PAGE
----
Press Release

October 20, 2022
Cardin, Van Hollen Announce $575,000 for Chesapeake Bay Wildlife Habitat Restoration

WASHINGTON – U.S. Senators Ben Cardin and Chris Van Hollen (both D-Md.) today announced $575,000 in federal funding through the U.S. Fish and Wildlife Service (FWS) for two wildlife habitat restoration projects along the Eastern Shore of the Chesapeake Bay. These are among the first grants to be awarded from the Chesapeake WILD Program, which was created by bipartisan legislation co-sponsored by Senator Cardin and authored by Senator Van Hollen as well as Senator Shelley Moore Capito (R-W.Va.), and enacted in the America’s Conservation Enhancement (ACE) Act. The program, the first of its kind at FWS specific to habitat restoration in the Bay watershed, was funded at $4 million in fiscal year 2022, and will support a regional network of stakeholders’ locally driven efforts.

“Our Chesapeake forests and wetlands are critical natural resources that provide numerous societal benefits, including fish and wildlife habitat, flood protection, erosion control, and clean water,” said Senator Cardin. “This investment by the U.S. Fish and Wildlife Service and local partners focused on enhancing habitat, as well as recreational opportunities for residents and visitors, will complement the Bay restoration effort and further enhance resiliency in the watershed.”

“From the residents and tourists who love to explore the Chesapeake Bay to the watermen who rely on it for their livelihoods, restoring the Bay’s natural wildlife habitat is critical to its health and the health of our regional economy. That’s why I launched the successful bipartisan effort to establish the Chesapeake WILD Program, which is supporting these new partnerships between the Fish and Wildlife Service and local conservationists in an effort to preserve the Bay. These investments are more important than ever as we continue fighting to protect one of our greatest treasures,” said Senator Van Hollen, a member of the Appropriations Subcommittee on Interior, Environment, and Related Agencies. 

The grants have been awarded as follows:

  • $500,000 for Eastern Shore Land Conservancy’s Blackwater-Nanticoke Habitat Migration Corridor Protection: The Eastern Shore Land Conservancy (ESLC) proposes to conduct outreach and complete conservation easements in the identified region to assist with the wildlife habitat migration between the Blackwater National Wildlife Refuge and the Nanticoke River. Based on existing prices and availability of matching dollars, ESLC plans to protect between 350‐400 acres of strategic wildlife habitat in Dorchester County.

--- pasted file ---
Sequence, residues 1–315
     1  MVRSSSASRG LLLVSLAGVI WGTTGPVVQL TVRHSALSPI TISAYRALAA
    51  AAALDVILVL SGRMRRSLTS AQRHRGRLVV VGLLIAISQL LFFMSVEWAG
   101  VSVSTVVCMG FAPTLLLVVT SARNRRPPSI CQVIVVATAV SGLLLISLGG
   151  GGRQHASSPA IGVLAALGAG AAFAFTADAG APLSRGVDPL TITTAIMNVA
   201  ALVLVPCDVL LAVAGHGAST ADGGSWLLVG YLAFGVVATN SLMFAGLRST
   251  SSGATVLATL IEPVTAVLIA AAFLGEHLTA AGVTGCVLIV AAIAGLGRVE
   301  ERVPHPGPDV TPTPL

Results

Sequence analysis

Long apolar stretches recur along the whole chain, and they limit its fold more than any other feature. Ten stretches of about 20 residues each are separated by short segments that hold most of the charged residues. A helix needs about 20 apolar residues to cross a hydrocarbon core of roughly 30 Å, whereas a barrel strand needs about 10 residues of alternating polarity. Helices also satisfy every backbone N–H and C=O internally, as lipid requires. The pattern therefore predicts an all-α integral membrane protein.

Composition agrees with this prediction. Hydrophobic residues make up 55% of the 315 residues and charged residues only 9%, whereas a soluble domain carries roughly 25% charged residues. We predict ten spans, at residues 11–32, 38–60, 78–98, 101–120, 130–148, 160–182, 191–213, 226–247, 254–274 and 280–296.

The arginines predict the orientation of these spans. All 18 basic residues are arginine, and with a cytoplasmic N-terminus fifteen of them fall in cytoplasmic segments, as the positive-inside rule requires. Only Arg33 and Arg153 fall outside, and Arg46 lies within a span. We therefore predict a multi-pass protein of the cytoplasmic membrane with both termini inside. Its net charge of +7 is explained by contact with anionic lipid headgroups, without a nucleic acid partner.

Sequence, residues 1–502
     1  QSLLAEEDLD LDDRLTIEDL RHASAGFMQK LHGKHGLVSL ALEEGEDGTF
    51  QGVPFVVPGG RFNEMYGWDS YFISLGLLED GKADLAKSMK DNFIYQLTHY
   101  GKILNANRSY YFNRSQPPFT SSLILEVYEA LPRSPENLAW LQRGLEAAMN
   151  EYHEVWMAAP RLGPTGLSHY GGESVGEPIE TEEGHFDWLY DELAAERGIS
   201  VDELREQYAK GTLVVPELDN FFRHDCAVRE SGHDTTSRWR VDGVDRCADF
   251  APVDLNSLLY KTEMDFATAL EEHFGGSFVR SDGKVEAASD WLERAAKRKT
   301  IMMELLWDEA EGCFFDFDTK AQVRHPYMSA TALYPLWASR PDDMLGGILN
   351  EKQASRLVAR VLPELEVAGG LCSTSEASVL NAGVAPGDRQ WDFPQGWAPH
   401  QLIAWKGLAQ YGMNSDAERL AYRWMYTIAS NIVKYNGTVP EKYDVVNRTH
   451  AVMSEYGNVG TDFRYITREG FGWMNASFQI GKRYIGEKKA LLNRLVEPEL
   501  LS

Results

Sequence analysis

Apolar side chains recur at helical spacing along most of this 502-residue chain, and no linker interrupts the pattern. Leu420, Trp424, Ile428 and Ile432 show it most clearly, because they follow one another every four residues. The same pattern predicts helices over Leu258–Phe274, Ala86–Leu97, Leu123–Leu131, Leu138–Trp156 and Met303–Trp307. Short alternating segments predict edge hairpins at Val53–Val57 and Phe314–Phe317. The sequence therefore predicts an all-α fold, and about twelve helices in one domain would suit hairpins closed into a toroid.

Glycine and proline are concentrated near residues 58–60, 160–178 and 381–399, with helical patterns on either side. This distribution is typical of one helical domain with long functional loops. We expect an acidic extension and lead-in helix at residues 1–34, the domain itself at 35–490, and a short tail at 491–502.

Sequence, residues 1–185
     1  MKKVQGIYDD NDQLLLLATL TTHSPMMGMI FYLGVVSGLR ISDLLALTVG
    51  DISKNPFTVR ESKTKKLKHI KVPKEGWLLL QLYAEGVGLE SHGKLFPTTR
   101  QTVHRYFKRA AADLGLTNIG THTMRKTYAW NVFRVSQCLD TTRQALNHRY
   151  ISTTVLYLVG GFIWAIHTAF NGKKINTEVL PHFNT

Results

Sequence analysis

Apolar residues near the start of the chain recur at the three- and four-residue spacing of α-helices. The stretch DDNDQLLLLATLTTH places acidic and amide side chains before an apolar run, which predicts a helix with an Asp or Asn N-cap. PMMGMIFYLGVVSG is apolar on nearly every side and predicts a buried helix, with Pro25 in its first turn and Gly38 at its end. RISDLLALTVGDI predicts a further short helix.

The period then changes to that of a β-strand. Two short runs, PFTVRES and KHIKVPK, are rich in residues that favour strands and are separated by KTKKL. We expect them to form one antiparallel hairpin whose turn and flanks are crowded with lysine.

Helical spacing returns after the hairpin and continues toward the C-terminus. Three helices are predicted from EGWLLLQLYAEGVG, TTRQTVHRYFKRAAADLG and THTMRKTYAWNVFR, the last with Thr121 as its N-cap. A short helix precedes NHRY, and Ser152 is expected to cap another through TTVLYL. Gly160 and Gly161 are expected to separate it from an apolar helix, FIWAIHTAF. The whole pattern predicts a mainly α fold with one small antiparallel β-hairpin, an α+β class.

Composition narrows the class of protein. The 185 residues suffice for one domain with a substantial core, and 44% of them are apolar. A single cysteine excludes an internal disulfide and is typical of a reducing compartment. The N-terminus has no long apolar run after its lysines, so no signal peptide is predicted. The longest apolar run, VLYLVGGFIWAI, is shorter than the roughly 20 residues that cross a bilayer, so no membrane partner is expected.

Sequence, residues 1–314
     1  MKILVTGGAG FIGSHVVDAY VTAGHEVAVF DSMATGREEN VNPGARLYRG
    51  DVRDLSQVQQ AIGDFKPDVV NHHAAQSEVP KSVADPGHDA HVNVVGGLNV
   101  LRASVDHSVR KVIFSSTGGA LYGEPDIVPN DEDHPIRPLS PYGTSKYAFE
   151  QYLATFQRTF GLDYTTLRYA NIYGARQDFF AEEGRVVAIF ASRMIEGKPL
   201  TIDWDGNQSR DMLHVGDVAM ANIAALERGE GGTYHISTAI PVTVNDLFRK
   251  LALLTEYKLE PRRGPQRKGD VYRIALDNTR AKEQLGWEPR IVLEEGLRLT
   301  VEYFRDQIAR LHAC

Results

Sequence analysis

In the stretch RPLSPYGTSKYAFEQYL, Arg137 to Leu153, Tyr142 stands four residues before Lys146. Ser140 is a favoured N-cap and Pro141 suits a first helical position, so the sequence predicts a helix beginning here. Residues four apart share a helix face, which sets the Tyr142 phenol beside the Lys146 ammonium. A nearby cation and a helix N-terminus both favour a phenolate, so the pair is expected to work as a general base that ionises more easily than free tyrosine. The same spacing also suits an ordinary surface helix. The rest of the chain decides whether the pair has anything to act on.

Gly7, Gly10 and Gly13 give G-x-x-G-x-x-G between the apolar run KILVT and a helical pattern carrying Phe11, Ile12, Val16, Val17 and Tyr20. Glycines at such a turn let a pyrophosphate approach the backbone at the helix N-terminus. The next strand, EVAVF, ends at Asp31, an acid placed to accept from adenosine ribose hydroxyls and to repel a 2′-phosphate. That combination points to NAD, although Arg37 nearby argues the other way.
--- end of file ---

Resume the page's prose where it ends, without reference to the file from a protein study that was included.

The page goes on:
• $75,000 for the restoration of Northwest Creek, Kent Island: Northwest Creek is a 100‐acre formal tidal inlet on Kent Island that has been plagued with deteriorating water quality for many years. The Alliance to Restore Northwest Creek (ARNC) is seeking funds to secure expertise that will produce a final restoration design and the acquisition of Federal and State permits. This includes preparing the permit application and providing the technical documentation the Federal and State permitting organizations require. These documents require expertise the ARNC does not have and required funds greatly exceed what the organization can organically obtain. The restoration project will create new habitat for shallow water fish species and protected breeding grounds for other wildlife via the creation of 15 acres of spartina islands, 8 acres of living shorelines and 4 acres of marsh habitat.

This grant program is modeled after the Chesapeake WILD Act – led by Senators Van Hollen and Capito and sponsored by Senator Cardin – language that was enacted through the larger America’s Conservation Enhancement (ACE) Act in 2020. It is designed to assist local partners with on-the-ground work to enhance progress toward the priorities laid out in the Chesapeake Bay Watershed Agreement, such asthe following activities:

  • Riparian forest buffer restoration;
  • Improving stream health;
  • Tidal and Non-tidal wetland restoration;
  • Improving fish habitat;
  • Expanding populations of black ducks;
  • Restoring and protecting eastern brook trout and their habitat; and
  • Removing barriers to fish migration in freshwater systems.